Paula Donahue, DPT, MBA, CLT

Paula Donahue, DPT, MBA, CLT

Assistant Professor, Physical Medicine and Rehabilitation

Physical Therapist III, Vanderbilt Dayani Center for Health & Wellness

Vanderbilt Stallworth Rehabilitation Hospital
2201 Children’s Way
Suite 1318
Nashville 37212
(615) 322-0738

Interests

Dr. Donahue's focus is on acute, outpatient, and home care therapy primarily addressing orthopedic, oncologic, and geriatric conditions.  She has a special research interest in the treatment of lymphedema in breast cancer survivors.

Education

CLT:                             
Certified Lymphedema Therapist, The Academy of Lymphatic Studies, Chattanooga, TN
2011

Graduate:                              
MBA, (Masters of Business Administration), The Johns Hopkins University Carey Business
School, Baltimore, MD                  
2007

DPT:                                      
Doctor of Physical Therapy, Northwestern University School of Medicine, Chicago, IL
2002

Undergraduate:                              
BS, Biological Anthropology and Anatomy, Duke University, Durham, NC
1998

Past Academic and Professional Appointments

Physical Therapist
Select Specialty Hospitals, Nashville, TN
2010-2011

Occupational Health Physiotherapist
Oxford Radcliffe Hospitals NHS Trust, Oxford, England
2008-2009

Research Description

Dr. Donahue's research interests are in the areas of lymphedema, oncology, and manual techniques impacting tissue extensibility. She is collaborating with the Vanderbilt University Institute of Imaging Science (VUIIS) on breast cancer related lymphedema (BCRL) research, specifically development of non-invasive imaging techniques that are intended to better inform patient management and optimize lymphedema treatment interventions. While the reported incidence of lymphedema varies from 6-54% and the risk increases with time since treatment, currently it is not possible to determine a patient's specific risk for BCRL. If such a distinction could be made, early therapeutic intervention could be administered effectively to high-risk patients with the goal of preventing, or delaying, BCRL onset. Paula has helped demonstrate that new non-invasive MRI techniques that utilize "spin labeling" principles can measure lymphatic fluid flow dynamics and lymphatic node metabolic properties, which correlate with lymphatic obstruction. Importantly, as these methods utilize the magnetic properties of water as an endogenous tracer, they are completely non-invasive and therefore can readily be 1) implemented into standard clinical protocols, 2) applied in longitudinal studies, and 3) used to evaluate lymphatic property responses to therapeutic interventions.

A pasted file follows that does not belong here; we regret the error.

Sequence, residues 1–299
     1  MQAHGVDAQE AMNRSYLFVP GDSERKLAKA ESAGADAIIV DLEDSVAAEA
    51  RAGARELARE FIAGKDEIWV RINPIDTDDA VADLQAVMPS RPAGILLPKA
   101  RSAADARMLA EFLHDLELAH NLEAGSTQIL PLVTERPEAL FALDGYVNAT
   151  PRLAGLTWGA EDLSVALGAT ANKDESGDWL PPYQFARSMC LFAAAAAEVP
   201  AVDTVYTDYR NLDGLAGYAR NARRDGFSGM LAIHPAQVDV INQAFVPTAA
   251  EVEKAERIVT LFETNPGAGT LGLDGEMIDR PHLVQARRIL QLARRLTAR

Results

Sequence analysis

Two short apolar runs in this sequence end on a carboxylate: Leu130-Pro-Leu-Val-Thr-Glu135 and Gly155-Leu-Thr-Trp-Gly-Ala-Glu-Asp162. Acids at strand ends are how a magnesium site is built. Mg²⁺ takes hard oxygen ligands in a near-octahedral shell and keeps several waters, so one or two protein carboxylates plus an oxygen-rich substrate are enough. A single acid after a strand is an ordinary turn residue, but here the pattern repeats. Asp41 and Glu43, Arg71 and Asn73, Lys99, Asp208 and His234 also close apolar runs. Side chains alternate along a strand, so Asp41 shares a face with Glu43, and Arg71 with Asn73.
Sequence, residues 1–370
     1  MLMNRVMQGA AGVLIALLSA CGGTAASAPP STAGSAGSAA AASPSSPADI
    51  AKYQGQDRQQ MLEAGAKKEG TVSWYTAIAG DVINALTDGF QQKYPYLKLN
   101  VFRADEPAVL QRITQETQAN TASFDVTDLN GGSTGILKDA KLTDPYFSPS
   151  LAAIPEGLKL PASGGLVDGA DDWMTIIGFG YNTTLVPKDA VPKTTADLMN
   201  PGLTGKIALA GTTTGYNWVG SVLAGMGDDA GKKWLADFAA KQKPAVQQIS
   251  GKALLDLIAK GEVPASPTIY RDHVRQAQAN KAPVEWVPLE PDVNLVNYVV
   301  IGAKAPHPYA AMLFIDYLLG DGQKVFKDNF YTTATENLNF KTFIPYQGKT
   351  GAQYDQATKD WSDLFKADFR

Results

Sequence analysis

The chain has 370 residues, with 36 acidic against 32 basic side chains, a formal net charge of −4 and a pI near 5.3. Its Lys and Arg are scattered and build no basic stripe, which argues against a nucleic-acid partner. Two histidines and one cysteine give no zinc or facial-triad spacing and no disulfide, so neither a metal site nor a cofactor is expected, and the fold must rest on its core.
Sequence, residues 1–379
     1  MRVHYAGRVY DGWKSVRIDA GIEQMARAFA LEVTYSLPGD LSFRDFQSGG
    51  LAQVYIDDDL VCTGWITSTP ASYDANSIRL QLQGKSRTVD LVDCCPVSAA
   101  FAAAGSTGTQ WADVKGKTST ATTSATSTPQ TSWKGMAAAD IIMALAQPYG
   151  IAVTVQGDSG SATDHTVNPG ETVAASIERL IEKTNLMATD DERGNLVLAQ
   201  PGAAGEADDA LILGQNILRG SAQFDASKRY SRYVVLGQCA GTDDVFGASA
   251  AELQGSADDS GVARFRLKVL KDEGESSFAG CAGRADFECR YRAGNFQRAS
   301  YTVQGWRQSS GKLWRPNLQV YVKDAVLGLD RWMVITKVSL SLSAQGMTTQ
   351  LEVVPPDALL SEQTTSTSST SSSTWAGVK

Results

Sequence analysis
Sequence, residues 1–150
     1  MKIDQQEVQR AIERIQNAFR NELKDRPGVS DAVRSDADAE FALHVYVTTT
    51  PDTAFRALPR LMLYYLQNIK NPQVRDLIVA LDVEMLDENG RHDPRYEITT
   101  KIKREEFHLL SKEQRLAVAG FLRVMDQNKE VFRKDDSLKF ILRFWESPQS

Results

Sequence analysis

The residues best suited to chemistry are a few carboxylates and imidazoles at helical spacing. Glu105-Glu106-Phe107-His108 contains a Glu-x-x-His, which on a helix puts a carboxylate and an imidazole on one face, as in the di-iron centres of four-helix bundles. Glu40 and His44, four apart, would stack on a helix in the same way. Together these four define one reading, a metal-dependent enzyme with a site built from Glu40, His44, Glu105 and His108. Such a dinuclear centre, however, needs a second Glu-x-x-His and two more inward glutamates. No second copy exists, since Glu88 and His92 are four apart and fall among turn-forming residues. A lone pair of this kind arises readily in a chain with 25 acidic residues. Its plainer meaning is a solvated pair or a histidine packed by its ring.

Research Poster on Non-Invasively Measuring Lymphatic Flow: Clinical Implications


Selected Publications